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It’s a common occurrence; you have a new recipe that you’re itching to try but soon discover that you lack the necessary ingredients to put it all together. The great thing about food, however, is that you can use a variety of substitutes in place of what the recipe actually calls for.
Collard greens are our main topic of conversation today, so we decided to share with you some of the best substitutes. There’s no need to make a store run if you have one of these substitutes in your kitchen.
What Are Collard Greens?
Collard Greens are leafy green vegetables, most commonly found in the southern United States. They are part of the Brassica plant, which is also home to mustard and cabbage, among many others.
Like all good brassicas, they are rich in vitamins and fiber. They can be cooked or eaten raw. Please note that it is best to use only younger and tender leaves if you do decide to eat them raw.
OK, so now that you know what collard greens are, let’s discuss the best substitutes you can use in their place.
Kale (AKA, leaf cabbage) is part of a group of cabbage cultivars known as Brassica oleracea. Most are cultivated to harvest their tasty leaves. But others are grown for their ornamental qualities.
This is because kale plants can have purple or green leaves. Moreover, kale’s central leaves don’t produce a head like that found in cabbage. Interestingly, kale is considered more closely related to wild cabbage rather than to any domesticated kale.
The origins of kale can be traced back to Asia Minor and Eastern Mediterranean. It’s in these places that kale was grown for consumption. And it is believed that kale was grown for such purposes as far back as 2000 BC.
During the 4th century in BC, the curly cabbage and flat cabbage varieties already existed. These forms were called “Sabellian kale” by the Romans and are seen as modern kale’s ancestors.
Raw kale consists of 84% water, 1% fat, 4% protein, and 9% carbohydrates. In a serving of 100 grams, raw kale gives you 49 food energy kilocalories and lots of vitamin K, which equals 3.7 times more than the recommended daily intake.
What’s more, kale is a great source of vitamins A, B6, and C, as well as manganese and folate. Kale is also a good resource for riboflavin, thiamine, pantothenic acid, various dietary minerals, and vitamin E. The minerals found in kale include:
It’s important to note that cooking raw kale will reduce a lot of its nutrients. However, vitamins C, K, A, and manganese remain high. As such, you can still be sure to get plenty of the plant’s health benefits either way you prepare it.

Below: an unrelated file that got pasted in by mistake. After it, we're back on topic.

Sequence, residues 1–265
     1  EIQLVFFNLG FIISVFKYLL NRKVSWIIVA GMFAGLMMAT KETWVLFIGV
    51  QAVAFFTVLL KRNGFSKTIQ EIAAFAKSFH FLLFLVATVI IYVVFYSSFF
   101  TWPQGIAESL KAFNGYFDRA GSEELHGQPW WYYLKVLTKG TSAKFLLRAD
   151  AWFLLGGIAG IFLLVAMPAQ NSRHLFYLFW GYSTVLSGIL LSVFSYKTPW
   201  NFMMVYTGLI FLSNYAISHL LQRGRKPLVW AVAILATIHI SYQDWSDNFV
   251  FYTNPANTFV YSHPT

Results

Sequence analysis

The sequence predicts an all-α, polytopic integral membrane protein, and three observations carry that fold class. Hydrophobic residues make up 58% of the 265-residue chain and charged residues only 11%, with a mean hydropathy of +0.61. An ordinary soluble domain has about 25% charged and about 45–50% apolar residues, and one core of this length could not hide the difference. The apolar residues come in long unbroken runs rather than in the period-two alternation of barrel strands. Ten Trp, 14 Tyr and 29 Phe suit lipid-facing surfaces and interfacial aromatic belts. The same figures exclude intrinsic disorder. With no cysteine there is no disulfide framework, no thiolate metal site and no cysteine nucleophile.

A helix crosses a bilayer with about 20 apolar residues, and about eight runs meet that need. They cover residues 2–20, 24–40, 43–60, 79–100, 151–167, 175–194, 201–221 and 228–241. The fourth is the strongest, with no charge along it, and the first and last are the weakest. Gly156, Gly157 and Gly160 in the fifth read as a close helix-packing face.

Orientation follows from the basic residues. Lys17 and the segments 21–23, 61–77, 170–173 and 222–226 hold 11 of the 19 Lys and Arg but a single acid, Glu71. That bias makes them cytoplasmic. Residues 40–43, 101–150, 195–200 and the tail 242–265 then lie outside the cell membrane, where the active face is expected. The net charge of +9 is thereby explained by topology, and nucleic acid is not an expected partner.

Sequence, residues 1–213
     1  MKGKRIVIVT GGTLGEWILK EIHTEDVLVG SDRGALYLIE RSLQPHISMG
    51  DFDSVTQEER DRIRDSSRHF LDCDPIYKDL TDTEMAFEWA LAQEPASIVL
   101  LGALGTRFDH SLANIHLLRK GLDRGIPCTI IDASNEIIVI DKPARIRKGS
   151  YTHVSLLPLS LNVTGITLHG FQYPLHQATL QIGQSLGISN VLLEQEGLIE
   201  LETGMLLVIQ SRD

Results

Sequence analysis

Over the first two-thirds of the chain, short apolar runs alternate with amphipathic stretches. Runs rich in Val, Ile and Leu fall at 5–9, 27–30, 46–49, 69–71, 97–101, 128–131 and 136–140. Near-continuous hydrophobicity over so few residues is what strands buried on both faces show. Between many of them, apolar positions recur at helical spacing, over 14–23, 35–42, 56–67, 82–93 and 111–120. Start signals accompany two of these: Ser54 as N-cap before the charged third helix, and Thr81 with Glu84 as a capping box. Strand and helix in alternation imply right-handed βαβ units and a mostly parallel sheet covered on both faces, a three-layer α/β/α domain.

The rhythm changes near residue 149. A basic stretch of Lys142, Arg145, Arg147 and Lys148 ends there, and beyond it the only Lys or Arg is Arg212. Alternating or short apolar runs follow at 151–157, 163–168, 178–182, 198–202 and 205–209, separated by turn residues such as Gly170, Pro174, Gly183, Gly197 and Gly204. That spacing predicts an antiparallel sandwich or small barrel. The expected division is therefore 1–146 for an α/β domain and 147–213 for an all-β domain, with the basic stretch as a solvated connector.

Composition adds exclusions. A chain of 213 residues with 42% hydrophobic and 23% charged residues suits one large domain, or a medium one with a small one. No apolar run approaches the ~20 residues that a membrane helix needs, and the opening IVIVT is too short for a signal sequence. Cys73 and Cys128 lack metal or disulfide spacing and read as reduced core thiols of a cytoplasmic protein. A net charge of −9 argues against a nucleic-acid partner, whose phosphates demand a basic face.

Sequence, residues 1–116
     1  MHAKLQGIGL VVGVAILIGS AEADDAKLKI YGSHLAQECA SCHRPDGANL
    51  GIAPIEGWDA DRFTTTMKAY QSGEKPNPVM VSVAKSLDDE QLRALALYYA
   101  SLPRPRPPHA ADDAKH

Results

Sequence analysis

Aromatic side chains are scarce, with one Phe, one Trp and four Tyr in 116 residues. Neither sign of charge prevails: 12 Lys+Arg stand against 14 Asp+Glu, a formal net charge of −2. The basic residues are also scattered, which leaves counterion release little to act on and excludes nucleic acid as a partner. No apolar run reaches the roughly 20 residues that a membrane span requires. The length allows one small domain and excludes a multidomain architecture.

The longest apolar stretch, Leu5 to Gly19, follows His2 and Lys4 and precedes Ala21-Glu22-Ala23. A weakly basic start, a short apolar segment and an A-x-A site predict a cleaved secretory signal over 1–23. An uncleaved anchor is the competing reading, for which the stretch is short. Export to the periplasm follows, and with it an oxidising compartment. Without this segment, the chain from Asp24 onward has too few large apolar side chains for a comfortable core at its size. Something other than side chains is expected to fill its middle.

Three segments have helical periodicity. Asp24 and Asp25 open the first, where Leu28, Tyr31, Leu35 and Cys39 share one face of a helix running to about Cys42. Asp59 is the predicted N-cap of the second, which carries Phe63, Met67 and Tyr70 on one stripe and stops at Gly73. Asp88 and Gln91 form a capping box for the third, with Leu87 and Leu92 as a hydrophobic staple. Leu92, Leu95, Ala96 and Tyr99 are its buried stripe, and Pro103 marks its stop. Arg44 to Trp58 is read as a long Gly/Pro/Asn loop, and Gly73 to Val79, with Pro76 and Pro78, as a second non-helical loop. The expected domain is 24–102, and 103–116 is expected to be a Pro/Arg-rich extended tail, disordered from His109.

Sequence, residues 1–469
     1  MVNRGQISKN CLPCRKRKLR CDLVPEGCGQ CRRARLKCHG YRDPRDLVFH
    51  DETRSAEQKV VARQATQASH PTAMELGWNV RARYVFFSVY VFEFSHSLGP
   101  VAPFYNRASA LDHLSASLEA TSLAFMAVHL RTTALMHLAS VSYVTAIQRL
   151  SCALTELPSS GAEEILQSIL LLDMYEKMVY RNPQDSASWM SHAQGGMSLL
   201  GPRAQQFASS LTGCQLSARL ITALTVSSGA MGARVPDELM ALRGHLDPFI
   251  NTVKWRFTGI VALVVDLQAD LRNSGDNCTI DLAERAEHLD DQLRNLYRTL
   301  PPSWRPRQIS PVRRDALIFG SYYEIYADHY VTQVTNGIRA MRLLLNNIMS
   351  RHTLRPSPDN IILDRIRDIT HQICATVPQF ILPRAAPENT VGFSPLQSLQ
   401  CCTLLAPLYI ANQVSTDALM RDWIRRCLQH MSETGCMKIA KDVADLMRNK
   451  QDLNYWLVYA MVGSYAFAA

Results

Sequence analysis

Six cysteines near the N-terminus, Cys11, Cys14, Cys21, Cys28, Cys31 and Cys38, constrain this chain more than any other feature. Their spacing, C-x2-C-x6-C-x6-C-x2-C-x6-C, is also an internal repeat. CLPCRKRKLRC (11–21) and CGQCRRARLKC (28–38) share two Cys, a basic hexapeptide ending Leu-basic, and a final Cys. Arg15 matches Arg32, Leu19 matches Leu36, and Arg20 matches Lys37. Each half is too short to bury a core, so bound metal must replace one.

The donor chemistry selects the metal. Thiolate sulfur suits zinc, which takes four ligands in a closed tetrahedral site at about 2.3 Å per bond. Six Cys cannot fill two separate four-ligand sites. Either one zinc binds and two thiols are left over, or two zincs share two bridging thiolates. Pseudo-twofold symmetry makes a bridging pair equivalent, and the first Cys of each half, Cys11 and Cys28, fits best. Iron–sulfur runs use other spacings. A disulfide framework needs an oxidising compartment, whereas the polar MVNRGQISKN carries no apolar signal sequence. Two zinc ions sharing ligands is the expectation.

Of the more common greens, English spinach is well-known for its extra spinachy taste, especially when compared to kale. Additionally, the plant’s leaves are softer and more delicate.
If you simply need to add cooked veggies to your dishes, English spinach will most definitely do the trick. Feel free to use thawed frozen spinach as a nice collard greens substitute. Please note, though, as a substitute it’s better to have the spinach cooked to be a better replacement. And cooked spinach is supposedly more nutritious than raw spinach, but you can’t really go wrong either way. So always take the time to prepare it accordingly before adding it to recipes.
Silverbeet (Swiss Chard)
Like English spinach from above, the chard varieties also excel in recipes of cooked collard greens. Silverbeets boast larger stems that are more intense than kale’s. Therefore, you may just want to pitch the stems rather than using them in your recipes.
That said, you can also cook each stem individually. Just know that they take longer to soften than kale or collard greens. Unless they are super tender, your silverbeets will be far too bitter to enjoy raw.
Baby Spinach Leaves
Baby spinach leaves are commonly used in salads or as a popular ingredient in omelets or even smoothies. It’s fair to say that most people disapprove of the taste of baby spinach leaves. But if you can get past the bitterness, baby spinach leaves deliver plenty of nutritious benefits to your health and well-being.
This small spinach is harvested by farmers during the plant’s early stages of growth, which usually takes place somewhere around 15 to 35 days from the date you planted them. The smaller leaves are tenderer and sweeter than mature spinach.
Spinach is a longstanding plant with centuries of history. With origins in the Middle East, spinach can be traced back as far as 1,000 years. In modern times, you will find spinach growing all over the world.
These have a strong hot mustard flavor when they are raw. But once cooked, they taste like kale. The texture is also very similar. And it’s quite nutritious. As such, it’s a fine alternative to collard greens.
Commonly referred to as rapini or broccoli rabe here in the United States, broccoli raab is indeed a vegetable known by many names in the world.
Some of its names include:
- Chinese broccoli
- Broccoli de rabe
- Turnip broccoli
- Italian broccoli
- Broccoli rape
- Italian turnip
- Spring raab
- Fall raab
Having originated in parts of China and the Mediterranean, broccoli raab is in fact a wild herb descendant. Today, it is found to grow in places like New Jersey, Arizona, California, Ontario, and Quebec.
What’s more, it is one of the Chinese people’s favorite vegetables. In fact, broccoli raab is one of the more popular vegetables in Hong Kong. Yet, it’s also commonly used in many Western parts of the world, as well.
Ready for More Substitutes?
Here at Cook Gem, you can find plenty of other exciting food substitutes to use in your recipes and dishes. And if you are tired of eating the same old thing, be sure to check out our many recipes, which include plenty of vegan-friendly dishes.